Skywatcher’s Delight: Find out how you can catch the Nov. 8 total lunar eclipse

  • Released Tuesday, November 1, 2022
  • Updated Sunday, November 6, 2022 at 6:41PM
  • ID: 14230

Click here to find out everything you need to know about Tuesday's LUNAR ECLIPSE Click here for quick link to table of ECLIPSE TIMESClick here for quick link to canned interview in Spanish with Francisco AndolzQuick link to edited B-ROLL for interviewsClick here for a quick link to a canned interview with Noah Petro

Click here to find out everything you need to know about Tuesday's LUNAR ECLIPSE

Click here for quick link to table of ECLIPSE TIMES

Click here for quick link to canned interview in Spanish with Francisco Andolz

Quick link to edited B-ROLL for interviews

Click here for a quick link to a canned interview with Noah Petro

Skywatcher’s Delight! Next Week’s Total Lunar Eclipse Will be Visible Across the U.S. Last One Visible Until 2025


Save the date for an extra special Tuesday! On Tuesday, Nov. 8 residents from coast to coast across the United States will be treated to a total lunar eclipse that morning.

A lunar eclipse occurs on a full Moon when the path of the Moon's orbit takes it into Earth's shadow, shielding it from the Sun. The light from all the sunrises and sunsets on Earth are cast on the Moon, giving it a temporary reddish color.

Find out more about the Nov. 8 eclipse here and check out the chart below to see times: https://moon.nasa.gov/news/185/what-you-need-to-know-about-the-lunar-eclipse/. The next total lunar eclipse visible across the U.S. won’t be until 2025!

NASA has been studying the Moon in unprecedented detail for the last 13 years with its Lunar Reconnaissance Orbiter spacecraft (LRO), mapping the entire lunar surface to support science and future exploration by both humans and robots. The mission has been awarded a 3 year extension, taking operations to at least 2025, and will continue to shed new light on our nearest neighbor in space.

For more information check out: https://moon.nasa.gov/ and on social media at @NASAMoon

Suggested Questions:
1. We’ll get some excitement looking at the Moon tomorrow morning! What makes tomorrow’s Moon so special?
2. You said the Moon will turn red during the lunar eclipse, why is that?
3. We’re coming up on the 50th anniversary of Apollo 17, the last time humans walked on the Moon. And in just a few weeks NASA will make its next attempt to launch its Mega Moon rocket that will carry humans back to the Moon. Can you tell us more about NASA’s Artemis program?
4. NASA has been studying the Moon in incredible detail with the Lunar Reconnaissance Orbiter for 13 years and it turns out the Moon is much more dynamic than we had thought. What are some of your favorite things we have learned about our Moon?
5. Why do we want to send astronauts to the Moon? What is it about the Moon that we still need to learn?
6. Where can our viewers go to learn more about the Moon, Artemis, and all the great work being done by the Lunar Reconnaissance Orbiter?

Questions for longer interviews:
* How does our Moon help us better understand other planets and moons in our solar system?
* How is the Lunar Reconnaissance Orbiter helping to usher in a new era of lunar science?
* A lunar eclipse must be a rough ride for a solar-powered lunar orbiter. What does the Lunar Reconnaissance Orbiter have to do to prepare for an eclipse?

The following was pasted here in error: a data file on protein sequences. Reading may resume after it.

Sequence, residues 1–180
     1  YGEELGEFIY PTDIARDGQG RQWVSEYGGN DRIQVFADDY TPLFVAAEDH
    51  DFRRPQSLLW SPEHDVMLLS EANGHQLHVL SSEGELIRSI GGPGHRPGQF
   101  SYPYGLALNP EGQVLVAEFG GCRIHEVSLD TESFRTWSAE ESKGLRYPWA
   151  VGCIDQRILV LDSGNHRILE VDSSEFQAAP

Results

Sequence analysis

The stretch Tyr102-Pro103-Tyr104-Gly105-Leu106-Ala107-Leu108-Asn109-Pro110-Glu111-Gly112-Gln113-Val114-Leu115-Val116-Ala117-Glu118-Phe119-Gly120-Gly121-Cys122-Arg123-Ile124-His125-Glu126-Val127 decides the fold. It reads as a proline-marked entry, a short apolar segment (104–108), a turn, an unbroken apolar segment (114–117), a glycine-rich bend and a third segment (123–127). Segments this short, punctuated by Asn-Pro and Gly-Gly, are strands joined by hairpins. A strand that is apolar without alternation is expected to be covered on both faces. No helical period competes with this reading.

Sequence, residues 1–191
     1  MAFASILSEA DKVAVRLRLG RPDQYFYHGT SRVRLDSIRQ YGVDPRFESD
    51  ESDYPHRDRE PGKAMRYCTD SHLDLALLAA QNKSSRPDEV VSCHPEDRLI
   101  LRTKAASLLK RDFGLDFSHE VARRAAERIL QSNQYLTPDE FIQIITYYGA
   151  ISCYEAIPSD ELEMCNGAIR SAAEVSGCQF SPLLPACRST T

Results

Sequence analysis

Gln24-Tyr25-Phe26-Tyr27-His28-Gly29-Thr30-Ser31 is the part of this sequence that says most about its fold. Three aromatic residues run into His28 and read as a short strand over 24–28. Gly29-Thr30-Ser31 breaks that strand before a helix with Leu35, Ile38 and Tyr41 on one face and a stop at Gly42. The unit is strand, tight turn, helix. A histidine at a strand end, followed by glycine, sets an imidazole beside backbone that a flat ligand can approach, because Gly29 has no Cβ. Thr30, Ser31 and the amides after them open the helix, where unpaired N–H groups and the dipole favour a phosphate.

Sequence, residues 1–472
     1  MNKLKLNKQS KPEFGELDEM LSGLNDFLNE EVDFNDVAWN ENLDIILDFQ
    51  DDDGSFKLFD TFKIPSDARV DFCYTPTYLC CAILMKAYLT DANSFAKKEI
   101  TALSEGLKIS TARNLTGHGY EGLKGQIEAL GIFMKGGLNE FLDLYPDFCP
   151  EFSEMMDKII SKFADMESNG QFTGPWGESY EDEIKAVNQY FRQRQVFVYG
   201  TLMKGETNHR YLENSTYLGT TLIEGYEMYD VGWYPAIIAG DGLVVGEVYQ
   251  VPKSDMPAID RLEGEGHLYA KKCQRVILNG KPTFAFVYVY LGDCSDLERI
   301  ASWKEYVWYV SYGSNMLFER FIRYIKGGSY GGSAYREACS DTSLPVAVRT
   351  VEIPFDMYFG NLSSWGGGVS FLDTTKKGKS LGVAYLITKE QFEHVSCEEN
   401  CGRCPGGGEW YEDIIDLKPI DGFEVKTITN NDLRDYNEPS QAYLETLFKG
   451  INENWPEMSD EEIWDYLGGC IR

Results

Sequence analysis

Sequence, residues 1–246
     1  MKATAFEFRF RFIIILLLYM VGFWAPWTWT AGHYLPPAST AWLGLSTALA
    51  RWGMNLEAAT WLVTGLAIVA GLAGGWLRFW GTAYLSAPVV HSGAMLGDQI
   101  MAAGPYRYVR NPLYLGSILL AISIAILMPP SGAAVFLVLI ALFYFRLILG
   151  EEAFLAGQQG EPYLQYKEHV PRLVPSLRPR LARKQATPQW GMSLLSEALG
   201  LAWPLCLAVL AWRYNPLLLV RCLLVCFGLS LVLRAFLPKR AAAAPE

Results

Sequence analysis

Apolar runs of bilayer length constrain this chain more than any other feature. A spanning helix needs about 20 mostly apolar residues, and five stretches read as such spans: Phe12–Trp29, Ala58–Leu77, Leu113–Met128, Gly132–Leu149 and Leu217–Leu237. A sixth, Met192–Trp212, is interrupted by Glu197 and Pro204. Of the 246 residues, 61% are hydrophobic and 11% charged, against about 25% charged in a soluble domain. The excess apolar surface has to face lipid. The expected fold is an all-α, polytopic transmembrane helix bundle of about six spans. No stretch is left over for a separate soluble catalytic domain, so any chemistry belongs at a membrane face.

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Edited b-roll for lunar eclipse interviews. Graphics are separated by a slate with the associated question. TRT 8:28. Graphics go with the following questions:

What's happening with the Moon tomorrow?

Why will the Moon turn red?

Tell us about NASA's Artemis mission back to the Moon?

This year marks the 50thh anniversary of the last human mission to the Moon. As we gear up for astronauts with the Artemis mission to step foot on the Moon, can you talk about some of the differences between these two programs?

NASA has a probe orbiting the Moon right now called the Lunar Reconnaissance Orbiter. What are some of teh cool things we've learned over it's 13 operational years?

What do we still need to learn about the Moon? Why send astronauts there?

Where can viewers go to learn more about the Moon, Artemis and the LRO mission?

Canned interview with Dr. Noah Petro / LRO Project Scientist. Click here for his BIO. TRT 8:23. SOTS are separated by slates with the associated question. Full transcript is available under the download button

Questions include:

What makes tomorrow's Moon so special?

You said the Moon will turn red during the lunar eclipse, why is that?

We're coming up on the 50th anniversary of Apollo 17, the last time humans walked on the Moon. And in just a few weeks NASA will make its next attempt to launch its Mega Moon rocket that will carry humans back to the Moon. Can you tell us more about NASA's Artemis program?

NASA has been studying the Moon in incredible detail with the Lunar Reconnaissance Orbiter for 13 years and it turns out the Moon is much more dynamic than we had thought. What are some of your favorite things we have learned about our Moon?

Why do we want to send astronauts to the Moon? What is it about the Moon that we still need to learn?

Where can our viewers go to learn more about the Moon, Artemis, and all the great work being done by the Lunar Reconnaissance Orbiter?

How does our Moon help us better understand other planets and moons in ourr solar system?

How is the Lunar Reconnaissance Orbiter helping to usher in a new era of lunar science?

A lunar eclipse must be a rough ride for a solar-powered lunar orbiter. What does the Lunar Reconnaissance Orbiter have to do to prepare for an eclipse?

For More Information

See https://moon.nasa.gov/



Credits

Please give credit for this item to:
NASA's Goddard Space Flight Center


Series

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